Legalizing Gay: The Child Plaintiffs
To celebrate Pride 2012 and to honor the great civil rights and political successes we have earned recently, I would like to offer a series of columns on the lawyers, advocates, scholars, and individual leaders who have sacrificed so much, developed novel legal arguments, and won the legal victories upon which we stand today. It is impossible to include everyone; a entire life's work would fail to honor all of our forefathers. But these few representatives symbolize the contributions of the greater whole: a group of men and women, young and old, who have sacrificed so that we can live a life of freedom today. Today, the child plaintiffs.
Aaron Fricke and Jamie Nabozny came out before most of us did, became standard bearers of LGBT honor and equality, faced burdens that no one should, and sacrificed childhood frivolity for a witness chair. They are the boys who would be men, the children who took on adult responsibility to fight back against unparalleled brutality and anti-gay censorship, respectively. And, while LGBT youth are still being bullied into depression and suicide and while students are still not always given the freedom to engage in affirming, pro-equality speech in schools, Aaron and Jamie deserve our thanks for taking the steps few of their peers would.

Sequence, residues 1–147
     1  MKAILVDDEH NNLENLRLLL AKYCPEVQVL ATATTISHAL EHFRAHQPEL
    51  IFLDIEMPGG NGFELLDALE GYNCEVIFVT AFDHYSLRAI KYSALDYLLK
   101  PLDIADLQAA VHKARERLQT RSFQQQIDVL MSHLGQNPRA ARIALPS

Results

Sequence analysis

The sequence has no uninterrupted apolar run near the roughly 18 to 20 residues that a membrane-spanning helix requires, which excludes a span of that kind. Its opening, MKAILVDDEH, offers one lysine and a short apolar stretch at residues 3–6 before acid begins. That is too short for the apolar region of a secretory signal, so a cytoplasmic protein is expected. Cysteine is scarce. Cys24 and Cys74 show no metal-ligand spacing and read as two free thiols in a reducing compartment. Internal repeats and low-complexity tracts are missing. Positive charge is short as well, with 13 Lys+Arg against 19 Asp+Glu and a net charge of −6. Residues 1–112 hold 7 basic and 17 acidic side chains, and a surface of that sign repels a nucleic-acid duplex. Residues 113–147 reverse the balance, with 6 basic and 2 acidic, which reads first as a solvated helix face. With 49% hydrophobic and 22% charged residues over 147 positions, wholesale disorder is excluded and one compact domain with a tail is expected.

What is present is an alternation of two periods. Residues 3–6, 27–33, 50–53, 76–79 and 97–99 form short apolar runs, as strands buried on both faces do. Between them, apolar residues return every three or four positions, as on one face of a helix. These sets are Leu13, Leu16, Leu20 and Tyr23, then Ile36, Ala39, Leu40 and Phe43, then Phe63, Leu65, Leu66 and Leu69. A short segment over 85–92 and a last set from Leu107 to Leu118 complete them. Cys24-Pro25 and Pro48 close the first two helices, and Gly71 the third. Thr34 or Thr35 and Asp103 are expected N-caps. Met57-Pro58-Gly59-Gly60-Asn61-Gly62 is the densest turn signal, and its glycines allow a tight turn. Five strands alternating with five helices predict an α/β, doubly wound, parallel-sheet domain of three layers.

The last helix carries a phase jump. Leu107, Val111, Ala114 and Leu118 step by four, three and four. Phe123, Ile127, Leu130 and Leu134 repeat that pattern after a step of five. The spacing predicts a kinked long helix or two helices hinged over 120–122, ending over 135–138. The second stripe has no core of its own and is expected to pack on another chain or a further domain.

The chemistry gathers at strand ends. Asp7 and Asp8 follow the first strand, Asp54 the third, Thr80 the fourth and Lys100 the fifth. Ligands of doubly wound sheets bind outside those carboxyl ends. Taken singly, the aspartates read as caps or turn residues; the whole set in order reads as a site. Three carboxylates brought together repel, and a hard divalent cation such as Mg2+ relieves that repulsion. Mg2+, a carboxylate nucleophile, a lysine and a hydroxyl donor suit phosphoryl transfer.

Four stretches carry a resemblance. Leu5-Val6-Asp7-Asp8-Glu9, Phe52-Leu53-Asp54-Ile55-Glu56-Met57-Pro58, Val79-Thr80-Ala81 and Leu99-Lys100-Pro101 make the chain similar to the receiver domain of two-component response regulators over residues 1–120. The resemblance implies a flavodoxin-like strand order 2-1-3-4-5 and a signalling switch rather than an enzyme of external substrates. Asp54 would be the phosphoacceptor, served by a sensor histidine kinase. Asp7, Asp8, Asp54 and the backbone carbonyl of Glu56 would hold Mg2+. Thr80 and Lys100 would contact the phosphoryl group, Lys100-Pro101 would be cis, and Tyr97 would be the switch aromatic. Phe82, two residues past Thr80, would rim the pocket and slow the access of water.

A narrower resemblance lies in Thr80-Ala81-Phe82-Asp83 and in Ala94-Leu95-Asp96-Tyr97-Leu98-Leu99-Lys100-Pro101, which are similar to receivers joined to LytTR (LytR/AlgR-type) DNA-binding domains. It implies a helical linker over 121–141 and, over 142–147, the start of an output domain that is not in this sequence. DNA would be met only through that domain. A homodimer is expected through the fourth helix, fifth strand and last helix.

Aaron (who wrote a memoir about his experiences using an homage to the classic B-52 song, "Rock Lobster") took his principal to court in 1979 when the administration refused to let him bring a boy as his date to the school prom. In an era of sodomy laws, continued raids on gay establishments, and anti-gay censorship, Aaron accepted oppression no longer.
With the help of the Gay & Lesbian Advocates and Defenders (GLAD), Aaron challenged the public school's refusal to allow him to attend prom with a same-sex date on free speech grounds and won (Fricke v. Lynch (D.R.I. 1980)).
Throughout middle school and high school, Jamie was subjected to endless anti-gay verbal and physical abuse by fellow students at his public high school in Ashland, Wisconsin. His tormentors urinated on him, performed a mock rape on him during class and in front of an approving teacher, and attacked him so brutally one morning that he required hospitalization. School officials new about all of this, yet refused to do much of anything; at one point, Jamie's principal said that Jamie should "man up" and that Jamie should expect the abuse because of his sexual orientation. Jamie attempted suicide three times, dropped out of school, and escaped his abuse by going to live with a relative in another state.